Don’t attempt to jump into something like daily longer runs until you are ready. Rushing this can lead to injury.
Even ultra-marathoners started somewhere and it wasn’t 20 miles a day from day one. The build-up is very important.
What Is Speedwork Running?
Typically, you are either running for distance or speed. When running for speed, most of us are running shorter distances. I think about time on the track, for example, when you say “speed.”
Of course, there are other ways to work on speed. Fartleks are just speed intervals. You can intermix speed bursts within any distance you are running.
Your coach may give you repeats to perform at a specific pace, for another form of speed work. If you are doing mile repeats at a particular time, one that is challenging for you to run, that is speed work.
Try Seasonal Training
I actually did something I called seasonal training for quite some time. Since I am fond of running a spring half marathon, I typically started training for that half each year in December or January and that continued until my race in April or May. That training had me primarily focusing on long-distance running during the cold months.
When summer came, I had many other interests besides running. For 12 years, I was the aquatic director of a local pool during the summer.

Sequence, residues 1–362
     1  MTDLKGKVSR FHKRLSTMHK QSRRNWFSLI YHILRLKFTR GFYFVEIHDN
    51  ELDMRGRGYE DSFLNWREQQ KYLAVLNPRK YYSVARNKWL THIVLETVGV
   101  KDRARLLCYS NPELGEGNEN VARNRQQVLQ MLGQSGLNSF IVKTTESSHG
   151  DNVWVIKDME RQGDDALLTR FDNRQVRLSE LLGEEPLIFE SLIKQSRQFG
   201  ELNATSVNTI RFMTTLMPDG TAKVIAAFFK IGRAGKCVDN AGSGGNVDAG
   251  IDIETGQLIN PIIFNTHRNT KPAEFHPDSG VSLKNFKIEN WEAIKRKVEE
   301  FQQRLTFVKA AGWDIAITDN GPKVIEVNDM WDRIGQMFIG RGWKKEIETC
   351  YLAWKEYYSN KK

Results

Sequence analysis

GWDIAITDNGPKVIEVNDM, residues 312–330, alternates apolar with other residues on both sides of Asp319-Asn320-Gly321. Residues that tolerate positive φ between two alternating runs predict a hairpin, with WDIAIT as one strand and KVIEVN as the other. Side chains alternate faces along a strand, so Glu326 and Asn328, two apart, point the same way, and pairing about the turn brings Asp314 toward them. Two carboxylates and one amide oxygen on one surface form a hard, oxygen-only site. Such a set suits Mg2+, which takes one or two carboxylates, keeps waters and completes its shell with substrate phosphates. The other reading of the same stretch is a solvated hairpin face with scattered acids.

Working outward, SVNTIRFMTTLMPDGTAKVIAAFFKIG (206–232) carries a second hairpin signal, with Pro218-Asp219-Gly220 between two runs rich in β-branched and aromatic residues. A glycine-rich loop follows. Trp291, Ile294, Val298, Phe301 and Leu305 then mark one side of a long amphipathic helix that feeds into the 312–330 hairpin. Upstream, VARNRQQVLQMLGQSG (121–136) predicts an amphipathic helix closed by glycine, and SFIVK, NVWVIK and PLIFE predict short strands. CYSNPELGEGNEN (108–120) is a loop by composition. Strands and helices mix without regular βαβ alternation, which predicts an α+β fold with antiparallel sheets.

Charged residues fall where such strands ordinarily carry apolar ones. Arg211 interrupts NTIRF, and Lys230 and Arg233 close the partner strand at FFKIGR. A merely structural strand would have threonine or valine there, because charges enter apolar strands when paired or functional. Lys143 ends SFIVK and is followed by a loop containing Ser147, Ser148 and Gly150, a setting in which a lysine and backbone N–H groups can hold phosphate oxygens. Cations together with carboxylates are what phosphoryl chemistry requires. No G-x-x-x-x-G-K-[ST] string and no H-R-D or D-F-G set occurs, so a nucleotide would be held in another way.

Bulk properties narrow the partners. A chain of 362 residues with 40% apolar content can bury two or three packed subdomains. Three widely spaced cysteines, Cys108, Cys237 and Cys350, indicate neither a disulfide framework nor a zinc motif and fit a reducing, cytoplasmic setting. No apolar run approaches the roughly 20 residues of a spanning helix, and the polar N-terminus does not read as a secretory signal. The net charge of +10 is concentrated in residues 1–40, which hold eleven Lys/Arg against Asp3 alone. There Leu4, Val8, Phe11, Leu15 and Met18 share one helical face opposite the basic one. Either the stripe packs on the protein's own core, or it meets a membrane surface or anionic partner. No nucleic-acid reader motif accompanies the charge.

That gave me unlimited and free access to an Olympic length outdoor pool from June until the end of August. That means I was swimming as cross-training out of convenience and because it was a great way to beat the heat!
An avid cyclist, I also would ride my bicycle a lot. So during the summer months, I typically ran shorter distances and incorporated more
speed work. I would often pick a 5K to train for and race in August or September. That kept me running fast but short distances. My 5K PRs all happen to occur in August or September!
After that, I was usually pretty busy with coaching all fall. My running was just steady enough to keep myself in shape and to pull off an occasional 10K.
Every Thanksgiving I signed myself up to do a Turkey to Champagne holiday streak. Then guess what was next? Getting back into half marathon training shape!
As you can see, the focus shifted with the seasons. I ran this way for about ten years – with different focuses at different times.
So… Which Should You Focus On?
You are probably getting tired of hearing me say that it is really up to you – but it really is. Personally, I think both are important. As someone who has been running for quite some time, I now do a mixture of both. And guess what? I’m not even training for anything.
Most weeks I do some sort of speed work and typically end my week with a longer run. My longer runs are anywhere from 7 – 10 miles. My speed intervals are comprised of distances from 100 meters to 400 meters. Truth be told, 400 repeats are my favorite speed workout. I love to hate them.
You can have balance in your life and honestly, you don’t have to choose one or the other.